Montana Deer Disease

Eastern Montana deer population hit hard by disease

Montana Deer - Deer Disease - Epizootic Hemorrhagic Disease - EHD

Montana Deer Disease – According to a report from the Associated Press, white-tailed deer populations in eastern Montana and across the northern plains are being hit hard by epizootic hemorrhagic disease or EHD. EHD is a disease that causes internal bleeding in infected animals, and is transmitted through biting midges. Montana deer are being infected across a 100-mile section of the Milk River, and the disease has infected deer in other states including: Wyoming, North Dakota, and South Dakota. Because of heavy winter kills in some areas, deer tags have been reduced or even suspended in some cases in northeast Montana and western North Dakota.

By MATTHEW BROWN Associated Press – BILLINGS, Mont. January 8, 2012 (AP) – White-tailed deer populations in parts of eastern Montana and elsewhere in the Northern Plains could take years to recover from a devastating disease that killed thousands of the animals in recent months, wildlife officials and hunting outfitters said.

In northeast Montana, officials said 90 percent or more of whitetail have been killed along a 100-mile stretch of the Milk River from Malta to east of Glasgow. Whitetail deaths also have been reported along the Missouri and Yellowstone rivers in western North Dakota and eastern Montana and scattered sites in Wyoming, South Dakota and eastern Kansas.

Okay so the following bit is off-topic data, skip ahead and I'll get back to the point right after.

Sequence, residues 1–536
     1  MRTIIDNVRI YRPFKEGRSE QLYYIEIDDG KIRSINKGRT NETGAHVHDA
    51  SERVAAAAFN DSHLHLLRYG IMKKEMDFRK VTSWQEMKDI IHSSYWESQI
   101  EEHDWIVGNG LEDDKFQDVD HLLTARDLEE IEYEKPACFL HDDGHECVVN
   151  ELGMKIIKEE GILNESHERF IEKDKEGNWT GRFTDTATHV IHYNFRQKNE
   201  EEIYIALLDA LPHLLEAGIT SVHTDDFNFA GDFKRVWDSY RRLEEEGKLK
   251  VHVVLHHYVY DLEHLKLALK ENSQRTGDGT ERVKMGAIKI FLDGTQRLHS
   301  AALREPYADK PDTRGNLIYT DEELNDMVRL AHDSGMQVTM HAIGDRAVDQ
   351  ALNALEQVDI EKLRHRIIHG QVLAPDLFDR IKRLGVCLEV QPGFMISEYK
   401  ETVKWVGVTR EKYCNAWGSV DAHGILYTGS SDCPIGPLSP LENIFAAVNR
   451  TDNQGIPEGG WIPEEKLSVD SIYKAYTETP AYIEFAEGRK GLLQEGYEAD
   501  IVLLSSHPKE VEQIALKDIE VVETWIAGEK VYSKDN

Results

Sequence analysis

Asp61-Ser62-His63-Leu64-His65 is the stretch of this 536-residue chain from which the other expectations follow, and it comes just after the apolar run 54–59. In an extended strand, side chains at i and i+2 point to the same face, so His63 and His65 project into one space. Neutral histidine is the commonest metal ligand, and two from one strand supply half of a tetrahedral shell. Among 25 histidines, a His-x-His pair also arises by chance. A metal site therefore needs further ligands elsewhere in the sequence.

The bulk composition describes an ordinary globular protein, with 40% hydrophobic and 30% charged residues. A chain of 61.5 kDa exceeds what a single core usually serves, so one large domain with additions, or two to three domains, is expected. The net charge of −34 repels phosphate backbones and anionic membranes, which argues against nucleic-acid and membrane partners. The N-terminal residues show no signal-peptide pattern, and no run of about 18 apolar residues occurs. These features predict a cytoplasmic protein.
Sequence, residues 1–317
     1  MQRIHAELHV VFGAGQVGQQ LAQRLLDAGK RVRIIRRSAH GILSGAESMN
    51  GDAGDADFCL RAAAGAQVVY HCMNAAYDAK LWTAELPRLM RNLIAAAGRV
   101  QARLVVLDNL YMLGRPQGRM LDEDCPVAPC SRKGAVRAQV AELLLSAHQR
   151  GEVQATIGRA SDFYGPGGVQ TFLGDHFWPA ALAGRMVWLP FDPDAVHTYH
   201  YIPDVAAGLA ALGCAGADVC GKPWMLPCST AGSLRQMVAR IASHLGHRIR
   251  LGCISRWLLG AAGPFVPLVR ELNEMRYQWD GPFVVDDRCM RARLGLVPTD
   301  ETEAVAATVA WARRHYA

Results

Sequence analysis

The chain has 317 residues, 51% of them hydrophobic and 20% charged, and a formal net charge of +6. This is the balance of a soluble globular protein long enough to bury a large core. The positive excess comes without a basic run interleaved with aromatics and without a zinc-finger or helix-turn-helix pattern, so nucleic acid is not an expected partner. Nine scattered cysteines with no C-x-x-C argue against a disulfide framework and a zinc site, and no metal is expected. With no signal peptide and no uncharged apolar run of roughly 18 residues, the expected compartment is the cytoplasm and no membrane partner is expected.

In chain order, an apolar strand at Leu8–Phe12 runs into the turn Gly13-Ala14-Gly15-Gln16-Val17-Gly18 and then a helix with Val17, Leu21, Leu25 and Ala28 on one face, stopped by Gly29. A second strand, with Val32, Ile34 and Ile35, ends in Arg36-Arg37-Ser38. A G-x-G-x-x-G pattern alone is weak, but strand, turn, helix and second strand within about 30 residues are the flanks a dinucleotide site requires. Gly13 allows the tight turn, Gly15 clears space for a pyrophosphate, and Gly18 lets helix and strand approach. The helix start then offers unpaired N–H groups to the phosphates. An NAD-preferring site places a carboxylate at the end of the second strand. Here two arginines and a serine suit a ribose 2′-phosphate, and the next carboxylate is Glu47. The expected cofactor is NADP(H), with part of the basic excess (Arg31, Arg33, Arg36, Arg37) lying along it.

The deaths are being attributed to an outbreak of epizootic hemorrhagic disease, or EHD. Transmitted by biting midges, EHD causes internal bleeding that can kill infected animals within just a few days.

In North Dakota, state wildlife chief Randy Kreil described the outbreak as the most extensive and deadly in two decades.

Mule deer, bighorn sheep, elk and pronghorn also are susceptible to EHD, but it is particularly damaging to whitetail herds, animal health experts said. Livestock can be infected but typically show few symptoms.

Researchers say the virus that causes EHD does not infect people and there is no risk of eating or handling infected deer. More precise estimates of the number of whitetail killed are expected after agencies conduct winter population counts and survey fall hunter success.

For the full AP report, visit

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